Putting on a spacesuit is one of the most dangerous activities for astronauts. During spacewalks, there is little protection against micrometeoroids, which can puncture the protective suits. Occasionally, the suits themselves suffer failures that can threaten the life of the astronaut.
To avoid this dangerous situation, what if astronauts could do activities that normally require a spacewalk with a maneuverable single-person spacecraft instead? That's the vision that the Maryland-based company Genesis Engineering Solutions suggests could work for future missions, including missions to NASA's proposed Deep Space Gateway near the moon.
In the company's proposed spacecraft design, the vehicle would be attached to the larger station or living space, and all an astronaut would need to do is shinny through the bottom of the spacecraft to get inside it. It would be equipped with little robot arms to do repairs, and lots of fuel to zoom to even distant areas of the space station.
Genesis recently completed "fit testing" of its spacecraft design at the U.S. Space & Rocket Center in Huntsville, Alabama. The test involved placing a cage modeled as the spacecraft inside a large pool (to imitate the microgravity environment), and having scuba-diving volunteers in a range of sizes try to fit into the mock spacecraft, stand on its footrests and handle joysticks that control the robotic arms, all while looking through an opening where the spacecraft window would be.
The company now is focusing on more "long-lead" items, said project manager Brand Griffin in an interview with Space.com. Engineers are designing the pressurized-crew enclosure, with the aim of building and testing it. They're also planning ground tests of the propulsion system. If the company had all the money in the world, Griffin said, they could have a working prototype doing a test flight in three years. But realistically, their timeline depends on who is interested in the technology.
"There are people in NASA that love this thing, and others that don't — we're aware of that," he said. "A lot of times, disruptive change like this [spacecraft] represents comes with a little bit of headwind."
But Griffin — who used to work as a senior engineer supporting the Advanced Concepts Office at the NASA Marshall Space Flight Center in Huntsville — is keeping up conversations with NASA. And Genesis is working on the single-person spacecraft project with Sierra Nevada Corp., creators of the robotic Dream Chaser cargo spacecraft that the company is preparing to send to the International Space Station.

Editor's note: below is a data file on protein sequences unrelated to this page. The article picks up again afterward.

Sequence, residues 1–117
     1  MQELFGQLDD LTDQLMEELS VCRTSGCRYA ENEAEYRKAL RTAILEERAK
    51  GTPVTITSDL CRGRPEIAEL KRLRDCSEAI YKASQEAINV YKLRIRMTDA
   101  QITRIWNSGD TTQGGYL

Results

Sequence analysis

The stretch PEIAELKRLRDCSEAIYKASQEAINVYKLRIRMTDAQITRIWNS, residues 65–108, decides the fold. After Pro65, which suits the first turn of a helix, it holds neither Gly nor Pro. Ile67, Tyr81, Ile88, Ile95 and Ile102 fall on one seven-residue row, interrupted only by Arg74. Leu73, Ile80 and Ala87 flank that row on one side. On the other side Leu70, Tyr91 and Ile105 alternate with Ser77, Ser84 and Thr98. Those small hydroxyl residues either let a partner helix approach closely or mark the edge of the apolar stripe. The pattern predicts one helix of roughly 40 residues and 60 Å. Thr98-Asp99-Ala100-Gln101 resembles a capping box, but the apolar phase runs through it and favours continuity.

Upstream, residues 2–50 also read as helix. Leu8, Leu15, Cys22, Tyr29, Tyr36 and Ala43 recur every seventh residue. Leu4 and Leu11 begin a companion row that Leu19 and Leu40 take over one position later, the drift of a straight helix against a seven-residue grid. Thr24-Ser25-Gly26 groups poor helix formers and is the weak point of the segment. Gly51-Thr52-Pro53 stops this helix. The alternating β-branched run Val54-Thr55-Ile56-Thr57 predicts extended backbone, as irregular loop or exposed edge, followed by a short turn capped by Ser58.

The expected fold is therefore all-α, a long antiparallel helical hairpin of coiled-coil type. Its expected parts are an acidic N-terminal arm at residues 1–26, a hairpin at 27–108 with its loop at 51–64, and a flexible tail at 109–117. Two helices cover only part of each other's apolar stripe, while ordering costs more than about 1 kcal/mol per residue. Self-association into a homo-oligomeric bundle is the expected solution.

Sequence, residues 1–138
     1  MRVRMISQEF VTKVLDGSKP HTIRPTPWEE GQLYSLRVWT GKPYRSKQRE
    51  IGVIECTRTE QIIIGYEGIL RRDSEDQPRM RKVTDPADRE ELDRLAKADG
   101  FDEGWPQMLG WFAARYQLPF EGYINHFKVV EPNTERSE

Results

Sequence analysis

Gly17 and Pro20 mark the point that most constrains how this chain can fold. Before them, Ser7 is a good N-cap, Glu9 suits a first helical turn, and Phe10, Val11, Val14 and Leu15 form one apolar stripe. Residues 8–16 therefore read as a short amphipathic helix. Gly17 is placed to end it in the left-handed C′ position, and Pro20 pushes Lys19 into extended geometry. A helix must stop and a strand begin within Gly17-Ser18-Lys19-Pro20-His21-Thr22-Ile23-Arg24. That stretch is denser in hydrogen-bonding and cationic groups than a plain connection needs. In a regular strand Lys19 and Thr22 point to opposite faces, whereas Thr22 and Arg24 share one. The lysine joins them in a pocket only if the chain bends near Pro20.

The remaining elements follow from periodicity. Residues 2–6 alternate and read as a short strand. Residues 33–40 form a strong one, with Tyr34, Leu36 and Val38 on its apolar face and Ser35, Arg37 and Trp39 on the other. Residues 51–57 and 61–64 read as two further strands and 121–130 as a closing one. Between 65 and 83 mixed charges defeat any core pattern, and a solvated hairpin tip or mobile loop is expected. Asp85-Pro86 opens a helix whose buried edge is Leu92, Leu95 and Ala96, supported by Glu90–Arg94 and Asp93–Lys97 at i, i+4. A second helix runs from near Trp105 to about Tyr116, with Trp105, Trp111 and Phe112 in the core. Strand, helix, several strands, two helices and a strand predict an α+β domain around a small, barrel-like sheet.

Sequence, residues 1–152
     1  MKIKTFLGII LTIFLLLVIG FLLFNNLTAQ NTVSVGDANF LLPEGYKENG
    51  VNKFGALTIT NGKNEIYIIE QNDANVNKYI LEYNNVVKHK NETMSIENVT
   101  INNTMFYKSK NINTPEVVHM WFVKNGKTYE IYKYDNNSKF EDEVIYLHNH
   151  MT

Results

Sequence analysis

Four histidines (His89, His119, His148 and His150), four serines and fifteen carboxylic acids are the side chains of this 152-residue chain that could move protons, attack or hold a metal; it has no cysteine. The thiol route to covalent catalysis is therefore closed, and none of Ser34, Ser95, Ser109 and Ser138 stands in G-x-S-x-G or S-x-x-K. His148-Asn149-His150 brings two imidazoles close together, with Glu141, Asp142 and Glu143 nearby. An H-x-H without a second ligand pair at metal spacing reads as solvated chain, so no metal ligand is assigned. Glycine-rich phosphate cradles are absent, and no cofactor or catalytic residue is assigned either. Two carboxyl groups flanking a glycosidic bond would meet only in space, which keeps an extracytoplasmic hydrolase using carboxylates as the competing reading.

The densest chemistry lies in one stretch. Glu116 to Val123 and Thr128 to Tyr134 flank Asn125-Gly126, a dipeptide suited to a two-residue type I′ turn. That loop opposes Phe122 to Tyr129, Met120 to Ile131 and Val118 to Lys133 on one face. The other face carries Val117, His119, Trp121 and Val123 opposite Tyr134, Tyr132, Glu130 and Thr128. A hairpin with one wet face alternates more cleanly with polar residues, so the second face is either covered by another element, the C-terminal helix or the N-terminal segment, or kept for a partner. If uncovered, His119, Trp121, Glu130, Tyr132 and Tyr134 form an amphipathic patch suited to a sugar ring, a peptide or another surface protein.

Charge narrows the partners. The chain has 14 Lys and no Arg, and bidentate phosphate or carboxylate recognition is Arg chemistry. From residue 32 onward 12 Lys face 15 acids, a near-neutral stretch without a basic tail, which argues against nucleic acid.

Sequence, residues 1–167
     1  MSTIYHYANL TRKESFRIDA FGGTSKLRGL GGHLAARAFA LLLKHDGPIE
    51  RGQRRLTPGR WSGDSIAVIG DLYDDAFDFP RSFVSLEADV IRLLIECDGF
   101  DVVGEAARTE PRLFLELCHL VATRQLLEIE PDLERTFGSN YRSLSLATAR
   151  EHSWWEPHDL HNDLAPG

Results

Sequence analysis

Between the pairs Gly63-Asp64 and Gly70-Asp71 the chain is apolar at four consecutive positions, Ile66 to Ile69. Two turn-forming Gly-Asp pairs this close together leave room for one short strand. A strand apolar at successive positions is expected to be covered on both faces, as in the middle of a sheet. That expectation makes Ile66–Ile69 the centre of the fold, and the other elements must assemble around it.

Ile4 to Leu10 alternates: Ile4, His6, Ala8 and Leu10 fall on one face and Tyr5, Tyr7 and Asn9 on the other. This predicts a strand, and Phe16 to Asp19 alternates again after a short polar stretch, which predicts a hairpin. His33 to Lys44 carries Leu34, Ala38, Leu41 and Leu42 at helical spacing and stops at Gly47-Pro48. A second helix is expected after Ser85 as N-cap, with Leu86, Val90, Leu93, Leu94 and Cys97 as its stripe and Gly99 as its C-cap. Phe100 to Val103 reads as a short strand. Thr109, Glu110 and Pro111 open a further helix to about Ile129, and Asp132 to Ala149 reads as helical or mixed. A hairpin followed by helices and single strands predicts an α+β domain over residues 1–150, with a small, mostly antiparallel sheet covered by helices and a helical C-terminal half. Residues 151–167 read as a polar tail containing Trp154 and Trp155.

He also pointed out that over the decades, NASA itself has developed concepts for other types of vehicles like the single-person spacecraft. And he said Genesis is making use of NASA research in its design of the single-person spacecraft. For example, studies on the Skylab space station in the 1970s showed that astronauts tend to adopt a relaxed, almost fetal-like position when floating naturally in microgravity. The single-person spacecraft design makes use of this floating position to make the fit comfortable for future astronauts.
Decades of development
Fans of "Star Trek" may remember the 2009 reboot movie "Star Trek." Spock Prime (Leonard Nimoy) is piloting a cute little single-person spacecraft called the Jellyfish when he is drawn into a wormhole that leads to an alternate timeline. Later, the younger Spock from the alternate timeline (Zachary Quinto) pilots this ship onto a collision course with an alien ship.
This science-fiction concept of a single-person spacecraft, however, dates back at least as far as the 1950s, Griffin said during a presentation at the Future In-Space Operations (FISO) Working Group seminar on Jan. 18. Wernher von Braun — who is best known for developing the Saturn V rocket that got astronauts to the moon — also envisioned a "bottle spacecraft" that could take single astronauts out into space.